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What should you talk about with your manager in your compensation discussion session?

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Mid-Level Software Engineer at Taro Communitya month ago

Every year, there's a mandatory compensation one on one with my manager. I find the session mostly informational and it's not really a bargaining / negotiation process. Usually when the compensation conversation happens, the performance review was set in stone a few months ago. There's limited things a manager can do.

What do you ask during the compensation discussion? The nitty-gritty of compensation of my current company is thoroughly discussed over different forums and there's more information over the Internet than what my manager could officially tell me. Should I just quickly close the comp one on one to save time for both of us?

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(2 comments)
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    Tech Lead @ Robinhood, Meta, Course Hero
    a month ago

    Based on the context you gave, this meeting seems largely useless, but I do think it has value for 1 particular thing: Acting as a natural touch point to follow up on your promotion discussion

    Promotion is the core way you increase your compensation, so this seems like a reasonable meeting to bring it up with your manager and have some amount of a serious conversation about the gaps you have to get to the next level. Here's a good video covering how to approach that conversation: Asking For A Promotion: The Wrong Way vs. The Right Way

  • 2
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    Senior SWE, Manager at Google
    a month ago

    You are right, there is literally nothing a big tech manager can do, at the time of compensation discussion, to change your compensation package. However, these are not completely meaningless if you realize what's going on behind the hood during compensation planning process and ask intelligent questions!

    In general, the comp planning process for you in big tech goes like this:

    1. Everyone's performance rating is finalized.
    2. Based on your rating/your level/your location, the company compensation model will output specific numbers.
    3. Depending on the company/organization, your manager then can make adjustments to your numbers (salary/bonus/stock typically). They are typically given a "budget" to work with across their whole team. Generally, each of these adjustments needs to be "justified" with a rationale and there's a limit to how much managers can adjust.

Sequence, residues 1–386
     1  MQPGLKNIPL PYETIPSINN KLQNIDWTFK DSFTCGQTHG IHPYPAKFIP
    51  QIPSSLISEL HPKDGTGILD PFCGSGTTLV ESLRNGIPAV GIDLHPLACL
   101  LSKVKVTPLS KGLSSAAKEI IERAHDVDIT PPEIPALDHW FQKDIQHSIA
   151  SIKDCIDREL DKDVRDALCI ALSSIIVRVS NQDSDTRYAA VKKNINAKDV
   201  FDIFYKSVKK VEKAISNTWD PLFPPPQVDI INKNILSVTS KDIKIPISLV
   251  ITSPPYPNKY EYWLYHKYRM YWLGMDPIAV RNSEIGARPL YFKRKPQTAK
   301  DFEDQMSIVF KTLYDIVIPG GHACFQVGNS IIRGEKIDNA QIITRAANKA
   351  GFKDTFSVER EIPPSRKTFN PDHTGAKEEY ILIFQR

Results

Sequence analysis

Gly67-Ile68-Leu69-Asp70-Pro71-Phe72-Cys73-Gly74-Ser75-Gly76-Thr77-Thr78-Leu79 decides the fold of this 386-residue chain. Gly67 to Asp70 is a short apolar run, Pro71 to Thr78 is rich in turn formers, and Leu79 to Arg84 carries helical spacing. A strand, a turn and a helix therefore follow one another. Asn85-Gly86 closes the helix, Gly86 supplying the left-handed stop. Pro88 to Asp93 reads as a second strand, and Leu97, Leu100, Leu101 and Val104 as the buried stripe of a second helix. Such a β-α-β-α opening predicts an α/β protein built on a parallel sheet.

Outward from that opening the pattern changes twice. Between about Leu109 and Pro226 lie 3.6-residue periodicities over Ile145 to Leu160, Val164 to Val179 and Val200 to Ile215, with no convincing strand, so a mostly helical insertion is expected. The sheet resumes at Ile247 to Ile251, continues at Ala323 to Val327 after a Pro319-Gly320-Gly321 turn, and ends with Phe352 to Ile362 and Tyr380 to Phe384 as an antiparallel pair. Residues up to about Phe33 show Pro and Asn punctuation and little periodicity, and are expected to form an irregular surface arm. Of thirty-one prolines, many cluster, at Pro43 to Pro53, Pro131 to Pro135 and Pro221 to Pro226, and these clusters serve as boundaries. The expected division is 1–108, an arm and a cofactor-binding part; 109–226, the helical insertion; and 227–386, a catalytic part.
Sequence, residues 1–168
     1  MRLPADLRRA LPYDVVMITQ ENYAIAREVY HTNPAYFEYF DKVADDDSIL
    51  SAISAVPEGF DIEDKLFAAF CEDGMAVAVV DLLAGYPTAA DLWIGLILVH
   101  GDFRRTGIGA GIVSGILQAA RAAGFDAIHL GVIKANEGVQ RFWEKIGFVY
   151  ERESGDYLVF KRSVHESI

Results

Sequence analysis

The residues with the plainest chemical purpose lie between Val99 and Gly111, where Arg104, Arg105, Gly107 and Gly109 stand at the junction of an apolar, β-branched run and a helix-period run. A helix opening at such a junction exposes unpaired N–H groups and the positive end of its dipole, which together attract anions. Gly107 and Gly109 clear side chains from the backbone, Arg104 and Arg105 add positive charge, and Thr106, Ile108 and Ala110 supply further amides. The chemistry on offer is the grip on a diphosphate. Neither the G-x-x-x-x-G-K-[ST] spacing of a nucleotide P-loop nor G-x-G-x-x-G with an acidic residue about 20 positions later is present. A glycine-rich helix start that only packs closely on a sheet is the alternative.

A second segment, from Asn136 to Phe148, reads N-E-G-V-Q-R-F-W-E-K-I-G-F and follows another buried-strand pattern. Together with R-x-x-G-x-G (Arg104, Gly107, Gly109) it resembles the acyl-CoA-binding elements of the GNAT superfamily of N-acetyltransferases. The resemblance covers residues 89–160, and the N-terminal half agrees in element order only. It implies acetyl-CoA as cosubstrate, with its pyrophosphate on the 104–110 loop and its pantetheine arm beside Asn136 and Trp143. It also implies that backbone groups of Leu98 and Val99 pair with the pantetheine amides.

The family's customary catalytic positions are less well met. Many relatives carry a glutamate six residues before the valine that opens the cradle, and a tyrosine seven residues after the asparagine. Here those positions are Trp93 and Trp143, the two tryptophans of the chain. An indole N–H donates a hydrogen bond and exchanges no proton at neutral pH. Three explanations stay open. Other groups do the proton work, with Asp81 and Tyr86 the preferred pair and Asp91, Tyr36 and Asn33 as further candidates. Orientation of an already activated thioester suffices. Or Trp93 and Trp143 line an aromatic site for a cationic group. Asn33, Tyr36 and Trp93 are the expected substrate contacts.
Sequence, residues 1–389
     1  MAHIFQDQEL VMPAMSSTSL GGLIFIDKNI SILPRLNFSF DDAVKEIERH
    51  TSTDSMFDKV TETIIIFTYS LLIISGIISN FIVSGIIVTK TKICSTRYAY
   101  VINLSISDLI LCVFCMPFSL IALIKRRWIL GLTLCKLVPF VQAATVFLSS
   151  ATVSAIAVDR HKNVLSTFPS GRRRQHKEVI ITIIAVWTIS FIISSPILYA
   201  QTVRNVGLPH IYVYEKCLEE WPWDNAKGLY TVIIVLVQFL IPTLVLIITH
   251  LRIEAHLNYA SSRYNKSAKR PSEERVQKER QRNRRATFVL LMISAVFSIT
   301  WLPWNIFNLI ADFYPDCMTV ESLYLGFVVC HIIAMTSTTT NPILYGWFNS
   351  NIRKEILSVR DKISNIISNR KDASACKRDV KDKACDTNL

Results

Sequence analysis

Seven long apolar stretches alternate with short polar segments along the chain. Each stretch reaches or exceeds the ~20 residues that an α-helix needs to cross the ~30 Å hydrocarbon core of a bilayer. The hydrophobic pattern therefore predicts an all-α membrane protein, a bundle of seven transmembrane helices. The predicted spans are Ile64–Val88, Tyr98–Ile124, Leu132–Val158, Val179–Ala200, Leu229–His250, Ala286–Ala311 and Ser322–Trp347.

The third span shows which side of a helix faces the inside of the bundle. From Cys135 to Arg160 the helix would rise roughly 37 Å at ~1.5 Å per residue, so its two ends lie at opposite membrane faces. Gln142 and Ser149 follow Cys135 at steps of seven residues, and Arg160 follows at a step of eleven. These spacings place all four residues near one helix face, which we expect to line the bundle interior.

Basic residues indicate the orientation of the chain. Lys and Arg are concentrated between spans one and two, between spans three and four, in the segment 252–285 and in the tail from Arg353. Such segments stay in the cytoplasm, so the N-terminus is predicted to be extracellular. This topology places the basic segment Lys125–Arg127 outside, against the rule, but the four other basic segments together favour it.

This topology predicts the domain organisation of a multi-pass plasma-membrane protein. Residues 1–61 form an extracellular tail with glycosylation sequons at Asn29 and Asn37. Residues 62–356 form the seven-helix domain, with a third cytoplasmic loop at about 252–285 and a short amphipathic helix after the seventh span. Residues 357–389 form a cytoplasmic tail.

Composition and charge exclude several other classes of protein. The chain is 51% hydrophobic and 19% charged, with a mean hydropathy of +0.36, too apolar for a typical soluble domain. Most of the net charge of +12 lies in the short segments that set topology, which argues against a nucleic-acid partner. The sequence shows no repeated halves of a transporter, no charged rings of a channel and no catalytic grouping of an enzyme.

4. These numbers (and the adjustments) then roll up the reporting chain w/ each higher level getting to make further adjustments with generally bigger budgets. Sometimes, higher level directors can reset all adjustments front-line managers have made.

    In general, you can ask these following questions (your manager may or may not be give you a straight answer, but some may, so you might as well ask).

    1. What was modeled based on my performance, and what was adjusted for me and why?
    2. How much discretionary budget was available? How does this compare to prior years?
    3. How much does my location/level/rating have to do w/ my compensation changes? How much higher would've it been if I earned XYZ rating or gotten promoted or changed location?

    It is ultimately informational. But these could be useful information.

    For example, a common adjustment rationale is "Retain Key Talent" alongside a small bump in your RSUs, which could mean that your team/org/product values your as a key contributor compared to your peers and willing to go the extra mile to make sure you are compensated above what the model gave you. Adjustment can be downward as well, and they could signal that perhaps you just barely got the rating you ended with.

    One last tip, now that I'm on the "dark" side - please be empathetic to your managers during comp discussions. Especially during bad economic times, comp increases can be little, so these discussions can be difficult for both you and your manager. The budgets managers have typically are small compared one person's compensation, and they get even smaller during bad times. Overall, managers are just mostly messengers for the company "model" when it comes to comp, and so please don't shoot the messenger!

    P.S. Feel free to have discussions about your compensation outside the regular comp discussion window. Most managers won't mind.

    P.S.S. If you work at Google, one of the quirks of the system is that managers have no visibility into your initial join grant, which means that if you are facing a 4th year cliff, they have no way of knowing until you let them know. Perhaps this is true elsewhere too. Of course, telling your manager about it doesn't mean they will be able to make adjustments, but still.